Art in Old Town

This juried show features the creativity of professional craft designers and fine artists displaying and selling a wonderful mix of quality contemporary crafts as well as fine art. Enjoy craft demonstrations and hands on creativity for the kids and musical entertainment. Save room for some delicious food in one of our many great restaurants!

From fiber to jewelry to gourmet food and home decor, there's something for everyone. Nestled in nostalgic Old Town, the ambiance is second to none.

Come and make a day of it, Saturday is Mexican Independence Day, Fiestas Patrious, in the State Park and Art and crafts throughout the village main street. Sunday is also a great day to stroll and shop in the village streets of creative historic Old Town.



Well known artist Randy Riccibonni has had his gallery in Old Town State historic Park for over 7 years.
For more than 50 years, Santa Ysabel artist James T. Hubbell’s name has been associated with his home designs, parks, gates, windows, mosaics and watercolors. Less known, but no less important to the 81-year-old craftsman, is his passion for sculpture. Hubbell said he’s thinks of himself first as a sculptor, but his other art forms — in particular the whimsical, handcrafted home he shares with his wife, Anne, near Julian — have always gotten most of the attention.

Since establishing a 10-acre compound in North County’s outback in 1958, Hubbell has made it his life’s mission to get people to slow down and pay closer attention to the world around them. His playful, organically inspired designs highlight the connectivity between man and his environment, lines and curves, earth and water, light and shadow. Hubbell’s art practically begs the viewer to stop and explore.

An artist, an icon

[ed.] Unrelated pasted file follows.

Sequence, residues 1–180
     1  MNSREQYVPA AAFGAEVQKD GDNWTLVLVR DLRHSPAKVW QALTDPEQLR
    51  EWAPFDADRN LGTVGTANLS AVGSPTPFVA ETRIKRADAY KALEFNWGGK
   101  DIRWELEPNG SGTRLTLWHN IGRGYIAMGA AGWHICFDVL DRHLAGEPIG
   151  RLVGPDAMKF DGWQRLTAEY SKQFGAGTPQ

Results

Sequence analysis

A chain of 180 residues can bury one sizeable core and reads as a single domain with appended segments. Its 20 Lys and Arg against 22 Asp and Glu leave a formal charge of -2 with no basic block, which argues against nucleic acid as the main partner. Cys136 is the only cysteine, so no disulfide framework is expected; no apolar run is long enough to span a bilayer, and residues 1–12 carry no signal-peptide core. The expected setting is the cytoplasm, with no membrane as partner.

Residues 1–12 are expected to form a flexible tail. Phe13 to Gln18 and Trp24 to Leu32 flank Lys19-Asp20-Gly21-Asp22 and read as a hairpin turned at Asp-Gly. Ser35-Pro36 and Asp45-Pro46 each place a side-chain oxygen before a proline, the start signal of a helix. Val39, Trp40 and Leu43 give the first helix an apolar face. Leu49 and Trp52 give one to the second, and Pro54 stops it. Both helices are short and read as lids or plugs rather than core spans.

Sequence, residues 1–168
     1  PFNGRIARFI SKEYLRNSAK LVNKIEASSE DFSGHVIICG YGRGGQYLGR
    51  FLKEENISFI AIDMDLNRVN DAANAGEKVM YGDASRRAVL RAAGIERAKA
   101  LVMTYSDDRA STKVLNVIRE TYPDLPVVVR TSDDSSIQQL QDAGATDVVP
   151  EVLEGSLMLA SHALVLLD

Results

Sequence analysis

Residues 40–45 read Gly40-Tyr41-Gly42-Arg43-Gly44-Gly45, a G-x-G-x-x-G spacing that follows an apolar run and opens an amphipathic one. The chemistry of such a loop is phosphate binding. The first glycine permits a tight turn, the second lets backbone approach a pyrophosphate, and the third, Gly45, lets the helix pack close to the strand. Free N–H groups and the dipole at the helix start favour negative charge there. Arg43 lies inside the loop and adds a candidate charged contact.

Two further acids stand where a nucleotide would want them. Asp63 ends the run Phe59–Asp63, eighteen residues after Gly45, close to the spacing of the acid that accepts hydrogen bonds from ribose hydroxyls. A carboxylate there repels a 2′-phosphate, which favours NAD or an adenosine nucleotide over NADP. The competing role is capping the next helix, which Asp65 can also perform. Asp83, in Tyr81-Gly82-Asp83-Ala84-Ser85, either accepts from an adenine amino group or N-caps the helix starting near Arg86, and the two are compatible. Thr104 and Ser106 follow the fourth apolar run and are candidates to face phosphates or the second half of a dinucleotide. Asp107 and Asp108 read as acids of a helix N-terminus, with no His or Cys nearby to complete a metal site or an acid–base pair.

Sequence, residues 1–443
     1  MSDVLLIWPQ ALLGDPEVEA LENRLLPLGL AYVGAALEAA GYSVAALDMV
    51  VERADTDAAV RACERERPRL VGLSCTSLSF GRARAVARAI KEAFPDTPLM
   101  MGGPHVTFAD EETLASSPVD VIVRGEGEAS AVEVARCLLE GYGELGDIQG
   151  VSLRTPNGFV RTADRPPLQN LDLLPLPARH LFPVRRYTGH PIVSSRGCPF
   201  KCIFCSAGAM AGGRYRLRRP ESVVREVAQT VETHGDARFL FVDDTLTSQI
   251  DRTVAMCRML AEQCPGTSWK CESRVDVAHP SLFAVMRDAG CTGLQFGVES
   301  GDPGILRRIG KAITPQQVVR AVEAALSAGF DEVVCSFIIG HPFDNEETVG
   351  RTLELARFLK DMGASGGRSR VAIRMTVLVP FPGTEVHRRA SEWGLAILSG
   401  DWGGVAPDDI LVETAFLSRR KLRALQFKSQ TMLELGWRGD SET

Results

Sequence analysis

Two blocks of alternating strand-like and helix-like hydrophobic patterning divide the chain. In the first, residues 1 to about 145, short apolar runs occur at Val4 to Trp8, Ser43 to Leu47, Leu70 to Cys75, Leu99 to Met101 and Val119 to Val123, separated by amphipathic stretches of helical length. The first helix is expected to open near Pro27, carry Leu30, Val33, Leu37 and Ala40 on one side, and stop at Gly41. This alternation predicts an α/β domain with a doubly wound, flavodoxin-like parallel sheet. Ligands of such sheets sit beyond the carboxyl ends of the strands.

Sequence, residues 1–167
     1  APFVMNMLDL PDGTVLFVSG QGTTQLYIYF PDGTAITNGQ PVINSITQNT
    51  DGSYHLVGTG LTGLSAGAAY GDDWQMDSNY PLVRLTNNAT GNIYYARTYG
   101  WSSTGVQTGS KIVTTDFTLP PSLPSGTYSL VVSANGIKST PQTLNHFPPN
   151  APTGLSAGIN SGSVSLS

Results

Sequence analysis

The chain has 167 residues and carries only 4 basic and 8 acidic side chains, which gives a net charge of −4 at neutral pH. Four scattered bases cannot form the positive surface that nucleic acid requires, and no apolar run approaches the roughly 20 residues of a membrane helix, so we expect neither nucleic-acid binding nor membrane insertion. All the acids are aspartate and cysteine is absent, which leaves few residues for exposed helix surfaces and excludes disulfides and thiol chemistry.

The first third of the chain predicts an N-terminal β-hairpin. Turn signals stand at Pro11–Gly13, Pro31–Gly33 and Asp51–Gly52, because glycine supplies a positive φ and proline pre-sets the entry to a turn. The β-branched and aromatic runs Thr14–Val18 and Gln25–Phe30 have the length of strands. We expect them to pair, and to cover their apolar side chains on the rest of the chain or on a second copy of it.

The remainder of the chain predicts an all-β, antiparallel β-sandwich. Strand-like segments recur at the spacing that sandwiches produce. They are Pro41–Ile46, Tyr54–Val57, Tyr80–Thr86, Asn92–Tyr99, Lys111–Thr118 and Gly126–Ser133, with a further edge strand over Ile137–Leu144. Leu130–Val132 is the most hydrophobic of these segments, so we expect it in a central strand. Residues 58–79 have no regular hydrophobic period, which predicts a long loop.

Exhibit curator Danielle Susalla Deery calls Hubbell a San Diego icon who has played a vital role in the region’s art community for decades.

“Oftentimes when people think of Hubbell, they recall his organic architecture or his vibrant stained glass, but this exhibition will present a focused look at his diverse range of sculpture, an art form that is the foundation for all his other developments as an artist,” she said.

Educated in the mid-1950s at the Whitney Art School in New Haven, Conn., and later the Cranbrook Art Academy in Bloomfield Hills, Mich., Hubbell started out in sculpting and expanded into many other forms, including architecture. He cites among his influences the principles of Frank Lloyd Wright, the expressionistic style of Spanish sculptor Antonio Gaudi (creator of the fantastical Sagrada Familia cathedral and Park Guell in Barcelona), the abstract forms and shapes of African sculpture, and the meditative qualities of Buddhism.

With Drew by his side from the 1960s to the ’80s, Hubbell created an architectural and sculptural fantasyland at the Santa Ysabel compound. Hubbell described the playfully designed buildings at the compound — resembling the Hobbit houses in Peter Jackson’s “Lord of the Rings” films — as “habitable sculptures.” Despite the

compound’s remote location, it has become a magnet over the years for art collectors, photographers andarchitects. On Father’s Day each year, the Hubbells throw open their doors for an open house that draws thousands of visitors who spend hours poring over every lovingly handcrafted detail.

Other days, he likes to spend time alone sculpting.

“I still like to get my hands dirty,” he says. “I’m happy being busy. I think it makes life more interesting.”

Asked to choose his favorite sculpting medium, Hubbell takes a long time to answer.

“That’s like asking me what’s my favorite food,” he said. “First I come up with the idea and then once I have it, I know whether it’s going to be in iron or wood or something else. Every medium has its own gifts to give you.”

pam.kragen@utsandiego.com • (760) 839-3341

But in 2003, the Cedar wildfire swept through and razed four of the eight buildings on the property. Over the next three years, friends and fans raised money to help the Hubbells rebuild. Now expanded to 40 acres, the compound is in the trust of the Hubbells’ nonprofit Ilan-Lael Foundation, an arts education organization devoted to creating a more sustainable, harmonious world. The foundation’s projects include parks, chapels and sculpture gardens.

These days, Hubbell spends three days a week in his studio with a team of ironsmiths and craftsmen, working to keep up with demand for his signature gates, doors and windows.

Celebrating a lifetime of passion - local Artist James Hubbell